differences or the effects of genetics.
• Does not recognize internal human qualities such as hope,
aspiration, love, self-sacrifice
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Humanism: Approach that focuses on human experience,
problems, potentials, and ideals
Human Nature: Traits, qualities, potentials, and behavior
patterns most characteristic of humans
Free Choice: Ability to choose that is NOT controlled by
genetics, learning, or unconscious forces
Subjective Experience: Private perceptions of reality
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• Abraham Maslow is considered father of the humanistic
movement. He observed the lives of (purportedly) healthy and
creative people to develop is theory.
• Hierarchy of needs: the motivational component of Maslow’s
theory, in which our innate needs, which motivate our actions,
are hierarchically arranged.
• Self-actualization: the fullest realization of a person’s
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• Efficient perceptions of reality
• Comfortable acceptance of self, others, and nature
• Task Centering
• Continued freshness of appreciation
• Fellowship with humanity
• Profound interpersonal relationships
• Comfort with solitude
• Non-hostile sense of humor
• Peak experiences
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Some Self-Actualized People
• Albert Einstein
• Ralph Waldo Emerson
• William James
• Thomas Jefferson
• Abraham Lincoln
• Eleanor Roosevelt
• Albert Schweitzer
• Mahatma Gandhi
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Carl Rogers: American psychologist; believed that personality
formed as a result of our strivings to reach our full human
Fully Functioning Person: Lives in harmony with his/her
deepest feelings and impulses
Self-Image: Total subjective perception of your body and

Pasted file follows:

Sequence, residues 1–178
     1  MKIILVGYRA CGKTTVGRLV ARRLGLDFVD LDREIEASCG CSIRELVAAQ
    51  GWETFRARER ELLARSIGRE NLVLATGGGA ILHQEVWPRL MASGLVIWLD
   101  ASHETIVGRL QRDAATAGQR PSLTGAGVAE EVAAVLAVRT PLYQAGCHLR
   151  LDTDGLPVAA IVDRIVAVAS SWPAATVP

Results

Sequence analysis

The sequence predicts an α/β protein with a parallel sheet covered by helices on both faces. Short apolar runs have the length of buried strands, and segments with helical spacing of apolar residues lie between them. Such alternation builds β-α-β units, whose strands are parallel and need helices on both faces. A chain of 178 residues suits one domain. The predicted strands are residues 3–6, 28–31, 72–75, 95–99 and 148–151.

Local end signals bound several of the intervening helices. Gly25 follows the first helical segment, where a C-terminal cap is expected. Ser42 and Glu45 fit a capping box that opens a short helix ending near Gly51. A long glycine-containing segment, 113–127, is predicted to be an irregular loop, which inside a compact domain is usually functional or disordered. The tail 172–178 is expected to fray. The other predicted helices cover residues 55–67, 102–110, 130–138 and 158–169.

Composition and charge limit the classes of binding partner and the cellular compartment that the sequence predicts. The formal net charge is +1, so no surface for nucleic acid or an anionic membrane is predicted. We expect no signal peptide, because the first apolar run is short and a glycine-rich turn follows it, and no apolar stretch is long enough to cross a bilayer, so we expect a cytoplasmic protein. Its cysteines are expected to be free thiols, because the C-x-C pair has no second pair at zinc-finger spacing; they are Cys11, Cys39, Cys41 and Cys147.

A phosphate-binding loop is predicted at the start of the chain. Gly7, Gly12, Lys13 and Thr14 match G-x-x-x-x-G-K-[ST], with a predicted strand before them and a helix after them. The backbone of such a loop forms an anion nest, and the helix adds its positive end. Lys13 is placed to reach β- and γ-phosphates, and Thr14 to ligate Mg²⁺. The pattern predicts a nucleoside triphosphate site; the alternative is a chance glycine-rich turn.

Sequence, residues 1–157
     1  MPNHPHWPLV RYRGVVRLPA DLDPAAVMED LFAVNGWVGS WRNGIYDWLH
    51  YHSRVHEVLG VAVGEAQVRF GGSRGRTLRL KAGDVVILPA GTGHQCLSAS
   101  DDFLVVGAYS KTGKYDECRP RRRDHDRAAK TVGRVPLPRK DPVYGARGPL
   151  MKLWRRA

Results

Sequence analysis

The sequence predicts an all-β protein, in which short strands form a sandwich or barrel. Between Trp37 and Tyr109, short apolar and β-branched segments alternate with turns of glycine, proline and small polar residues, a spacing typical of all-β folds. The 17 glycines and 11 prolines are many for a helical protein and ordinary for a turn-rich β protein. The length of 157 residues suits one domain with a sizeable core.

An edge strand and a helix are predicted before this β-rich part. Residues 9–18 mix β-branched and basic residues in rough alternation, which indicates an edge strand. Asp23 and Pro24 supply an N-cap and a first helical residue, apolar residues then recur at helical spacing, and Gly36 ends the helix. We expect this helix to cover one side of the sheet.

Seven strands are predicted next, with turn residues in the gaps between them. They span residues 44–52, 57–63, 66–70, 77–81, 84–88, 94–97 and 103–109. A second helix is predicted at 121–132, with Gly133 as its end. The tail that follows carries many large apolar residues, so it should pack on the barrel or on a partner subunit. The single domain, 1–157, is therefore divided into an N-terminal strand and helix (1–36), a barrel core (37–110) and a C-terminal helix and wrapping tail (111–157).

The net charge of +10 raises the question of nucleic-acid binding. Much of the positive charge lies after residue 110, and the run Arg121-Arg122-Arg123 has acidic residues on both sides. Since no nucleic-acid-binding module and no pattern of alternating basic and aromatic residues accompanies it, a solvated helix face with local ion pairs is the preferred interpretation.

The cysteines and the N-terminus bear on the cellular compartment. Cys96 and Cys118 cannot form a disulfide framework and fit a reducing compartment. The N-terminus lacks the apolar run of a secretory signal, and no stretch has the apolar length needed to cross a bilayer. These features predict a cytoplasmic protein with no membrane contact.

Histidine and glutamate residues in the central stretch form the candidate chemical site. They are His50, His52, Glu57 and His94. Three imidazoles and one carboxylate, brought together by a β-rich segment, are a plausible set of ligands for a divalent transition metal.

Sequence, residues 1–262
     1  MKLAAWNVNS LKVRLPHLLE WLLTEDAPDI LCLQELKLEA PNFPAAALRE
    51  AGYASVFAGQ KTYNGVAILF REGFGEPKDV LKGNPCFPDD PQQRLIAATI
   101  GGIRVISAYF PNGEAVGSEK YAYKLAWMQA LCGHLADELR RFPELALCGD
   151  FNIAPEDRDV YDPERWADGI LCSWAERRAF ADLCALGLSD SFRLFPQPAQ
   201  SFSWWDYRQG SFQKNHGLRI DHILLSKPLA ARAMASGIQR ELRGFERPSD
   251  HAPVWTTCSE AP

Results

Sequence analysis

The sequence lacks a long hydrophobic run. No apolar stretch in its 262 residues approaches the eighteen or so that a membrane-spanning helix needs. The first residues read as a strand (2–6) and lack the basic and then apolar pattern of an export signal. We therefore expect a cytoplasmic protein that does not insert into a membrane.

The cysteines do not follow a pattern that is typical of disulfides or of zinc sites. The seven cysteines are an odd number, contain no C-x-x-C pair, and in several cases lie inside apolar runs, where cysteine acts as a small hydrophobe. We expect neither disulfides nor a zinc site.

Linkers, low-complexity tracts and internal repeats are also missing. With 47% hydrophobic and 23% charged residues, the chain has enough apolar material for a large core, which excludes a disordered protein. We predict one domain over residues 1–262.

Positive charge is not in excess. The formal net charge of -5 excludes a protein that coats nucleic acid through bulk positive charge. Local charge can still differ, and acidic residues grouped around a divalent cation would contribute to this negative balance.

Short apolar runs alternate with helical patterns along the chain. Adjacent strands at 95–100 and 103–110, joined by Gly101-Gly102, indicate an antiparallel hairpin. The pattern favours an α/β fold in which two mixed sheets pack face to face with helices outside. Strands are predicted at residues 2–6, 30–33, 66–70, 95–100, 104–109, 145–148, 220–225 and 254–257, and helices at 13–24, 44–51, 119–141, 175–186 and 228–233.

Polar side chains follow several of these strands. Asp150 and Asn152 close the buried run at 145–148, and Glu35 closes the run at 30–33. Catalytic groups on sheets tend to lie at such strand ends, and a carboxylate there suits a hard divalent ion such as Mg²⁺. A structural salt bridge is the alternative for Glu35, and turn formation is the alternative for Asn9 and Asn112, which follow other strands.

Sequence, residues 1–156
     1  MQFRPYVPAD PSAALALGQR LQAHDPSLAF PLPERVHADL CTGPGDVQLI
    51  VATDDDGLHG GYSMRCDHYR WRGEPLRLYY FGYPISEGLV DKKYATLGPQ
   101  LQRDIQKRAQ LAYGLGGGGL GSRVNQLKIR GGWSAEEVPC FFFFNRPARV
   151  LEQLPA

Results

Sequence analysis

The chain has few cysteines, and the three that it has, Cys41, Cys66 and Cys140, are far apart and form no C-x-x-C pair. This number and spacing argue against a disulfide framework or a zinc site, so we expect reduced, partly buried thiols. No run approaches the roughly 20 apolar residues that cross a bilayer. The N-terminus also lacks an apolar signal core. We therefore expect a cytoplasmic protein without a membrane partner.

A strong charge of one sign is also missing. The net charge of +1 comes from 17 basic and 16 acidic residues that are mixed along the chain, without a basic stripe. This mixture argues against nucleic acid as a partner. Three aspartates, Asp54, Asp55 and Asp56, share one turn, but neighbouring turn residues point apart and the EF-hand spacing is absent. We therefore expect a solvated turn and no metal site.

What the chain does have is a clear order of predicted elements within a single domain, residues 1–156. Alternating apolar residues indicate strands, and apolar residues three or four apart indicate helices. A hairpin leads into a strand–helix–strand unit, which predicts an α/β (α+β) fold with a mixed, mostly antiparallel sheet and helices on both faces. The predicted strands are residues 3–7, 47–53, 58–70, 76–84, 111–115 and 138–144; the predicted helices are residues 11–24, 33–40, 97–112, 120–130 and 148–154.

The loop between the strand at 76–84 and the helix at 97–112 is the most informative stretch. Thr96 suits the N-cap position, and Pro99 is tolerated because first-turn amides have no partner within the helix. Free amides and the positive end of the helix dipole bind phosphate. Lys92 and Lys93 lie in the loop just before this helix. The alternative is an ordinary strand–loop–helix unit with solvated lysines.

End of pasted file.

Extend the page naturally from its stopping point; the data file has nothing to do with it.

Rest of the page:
Conditions of Worth: behaviors and attitudes for which other
people, starting with our parents, will give us positive regard.
Unconditional Positive Regard: Unshakable love and approval
Positive Self-Regard: Thinking of oneself as a good, lovable,
Carl Roger’s Self Theory
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Evaluation of Humanistic Theories
• Many of the Humanists’ claims are untestable.
• Humanists may have an overly-positive, rosy view of
humankind. They do not look at the “dark side.”
• For the Humanists, the cause of all our problems lies not in
ourselves, but in others.
• Maslow’s characterization of self-actualized individuals is
very biased toward a certain philosophical position.
• Most of the people Maslow identified as self-actualized had
rather serious psychological problems.
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Scoring the Briggs-Myers
See in class!
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Interpreting the Briggs-Myer
Extraversion: sociability, energized
by people, lonely when alone
Sensation: practical, trusts facts;
learns through ex-perience; wants
to deal with what’s real
Thinking: prefers the objective,
Judging: prefers closure, wants
deadlines, feels more comfortable
once a decision has been made.
Intraversion: territorial, enjoys being
alone, private, drained by people
Intuition: innovative, fantasizes; future
more attractive than the present
Feeling: prefers the subjective,
Perceiving: resists closure, wants
more & more data; values the
open-ended; pressure to decide